Strategies for building resilience to hazards in water, sanitation and hygiene (WASH) systems: The role of public private partnerships. International Journal of Disaster Risk Reduction, 15 July 2014.
Authors: Ase Johannessen, Arno Rosemarin, Frank Thomall, Asa Gerger Swartling, Thor Axel Stenström, Gregor Vulturius.
The aim of this paper is to enhance understanding of how the resilience of water, sanitation and hygiene (WASH) systems to hazards can be improved. In turn, this aims to inform different strategies for public and private partnerships (PPPs). In a new approach, to acknowledge the multi levelled nature of resilience; risk at the relevant levels are taken into account, (regional/river basin, urban area, and individual). For these levels, we first describe the different components of risk, vulnerability and resilience of the WASH system that influence people׳s exposure to hazards. We illustrate these components using examples from case studies in the literature.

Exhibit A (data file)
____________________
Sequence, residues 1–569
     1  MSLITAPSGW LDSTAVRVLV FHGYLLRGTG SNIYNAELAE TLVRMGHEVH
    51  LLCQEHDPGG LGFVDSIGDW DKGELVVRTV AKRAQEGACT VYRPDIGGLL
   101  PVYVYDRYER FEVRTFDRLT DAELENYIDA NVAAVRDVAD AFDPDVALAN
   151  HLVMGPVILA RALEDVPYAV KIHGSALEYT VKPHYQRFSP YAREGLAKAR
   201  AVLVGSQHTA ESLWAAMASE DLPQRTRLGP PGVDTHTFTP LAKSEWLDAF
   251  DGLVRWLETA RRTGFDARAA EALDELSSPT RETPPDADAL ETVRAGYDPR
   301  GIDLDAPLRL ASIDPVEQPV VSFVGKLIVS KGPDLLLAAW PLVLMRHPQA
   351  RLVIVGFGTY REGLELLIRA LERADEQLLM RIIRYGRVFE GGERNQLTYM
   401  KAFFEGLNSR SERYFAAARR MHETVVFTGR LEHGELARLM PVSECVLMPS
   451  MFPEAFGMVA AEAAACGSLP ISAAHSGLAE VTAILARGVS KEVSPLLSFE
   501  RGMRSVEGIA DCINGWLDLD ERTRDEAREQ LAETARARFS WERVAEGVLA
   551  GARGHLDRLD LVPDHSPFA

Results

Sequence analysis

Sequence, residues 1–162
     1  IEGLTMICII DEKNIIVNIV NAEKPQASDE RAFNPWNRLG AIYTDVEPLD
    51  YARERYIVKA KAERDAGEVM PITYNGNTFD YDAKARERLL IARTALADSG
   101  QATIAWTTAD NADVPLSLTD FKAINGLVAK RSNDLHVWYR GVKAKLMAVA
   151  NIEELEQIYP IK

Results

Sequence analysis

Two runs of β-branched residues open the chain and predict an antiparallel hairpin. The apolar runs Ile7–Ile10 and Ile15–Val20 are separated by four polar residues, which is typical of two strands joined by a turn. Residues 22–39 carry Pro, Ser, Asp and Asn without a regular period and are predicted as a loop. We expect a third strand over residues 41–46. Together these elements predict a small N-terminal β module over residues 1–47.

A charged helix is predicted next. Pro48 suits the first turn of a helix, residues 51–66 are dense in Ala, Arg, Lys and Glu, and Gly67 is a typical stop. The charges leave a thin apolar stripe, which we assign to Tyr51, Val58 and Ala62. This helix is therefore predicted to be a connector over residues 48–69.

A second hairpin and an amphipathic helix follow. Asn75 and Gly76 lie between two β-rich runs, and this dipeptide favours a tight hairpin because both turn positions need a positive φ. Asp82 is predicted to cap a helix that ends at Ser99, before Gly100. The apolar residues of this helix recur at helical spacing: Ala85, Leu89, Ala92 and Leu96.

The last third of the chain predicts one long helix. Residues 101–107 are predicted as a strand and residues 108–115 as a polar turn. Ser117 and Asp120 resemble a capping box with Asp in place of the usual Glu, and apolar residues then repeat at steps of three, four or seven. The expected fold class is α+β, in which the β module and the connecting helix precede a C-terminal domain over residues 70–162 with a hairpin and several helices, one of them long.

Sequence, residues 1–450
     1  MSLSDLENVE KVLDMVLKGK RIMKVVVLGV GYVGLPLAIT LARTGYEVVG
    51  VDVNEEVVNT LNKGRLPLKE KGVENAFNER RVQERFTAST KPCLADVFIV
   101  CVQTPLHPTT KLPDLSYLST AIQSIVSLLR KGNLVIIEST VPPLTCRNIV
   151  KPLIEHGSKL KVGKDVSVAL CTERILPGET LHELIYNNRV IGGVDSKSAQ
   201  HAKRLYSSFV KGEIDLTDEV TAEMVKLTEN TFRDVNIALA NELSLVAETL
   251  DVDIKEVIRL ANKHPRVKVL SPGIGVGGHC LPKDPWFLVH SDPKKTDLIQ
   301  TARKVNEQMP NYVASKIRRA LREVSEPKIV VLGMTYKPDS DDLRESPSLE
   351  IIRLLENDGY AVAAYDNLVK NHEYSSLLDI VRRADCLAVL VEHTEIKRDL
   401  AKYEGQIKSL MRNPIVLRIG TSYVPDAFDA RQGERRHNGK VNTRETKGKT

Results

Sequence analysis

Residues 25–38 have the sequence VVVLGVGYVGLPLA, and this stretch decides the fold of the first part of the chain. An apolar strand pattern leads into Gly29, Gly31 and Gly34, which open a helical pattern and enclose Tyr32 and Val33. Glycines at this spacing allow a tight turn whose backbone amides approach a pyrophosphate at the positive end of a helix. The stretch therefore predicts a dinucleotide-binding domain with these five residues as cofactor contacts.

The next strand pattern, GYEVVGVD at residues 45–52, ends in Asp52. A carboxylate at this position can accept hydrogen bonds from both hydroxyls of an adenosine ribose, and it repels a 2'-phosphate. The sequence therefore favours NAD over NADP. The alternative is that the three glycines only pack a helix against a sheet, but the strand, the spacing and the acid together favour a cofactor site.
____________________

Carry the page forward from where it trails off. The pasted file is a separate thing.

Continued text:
Using a social learning lens – a crucial ingredient of resilience – we examine opportunities for reducing risks through improving public–private engagement. These are presented as strategies which could guide investment decisions: As pressures from climate change and development add up, businesses must become aware of the risks involved in operating and investing without considering ecosystem health, both in terms of the services they provide for mitigating floods and droughts, as well as in terms of the development approaches that define how ecosystems are managed (e.g. “making space” for, rather than controlling water). There is a need to develop an institutional culture that strives towards greener and more resilient urban environments with the help of various quality assurance methods. Partnerships must reach the poorer customer base, encourage informal small entrepreneurs, and boost financial mechanisms (e.g. micro-insurance, micro-finance) to support the most vulnerable in society.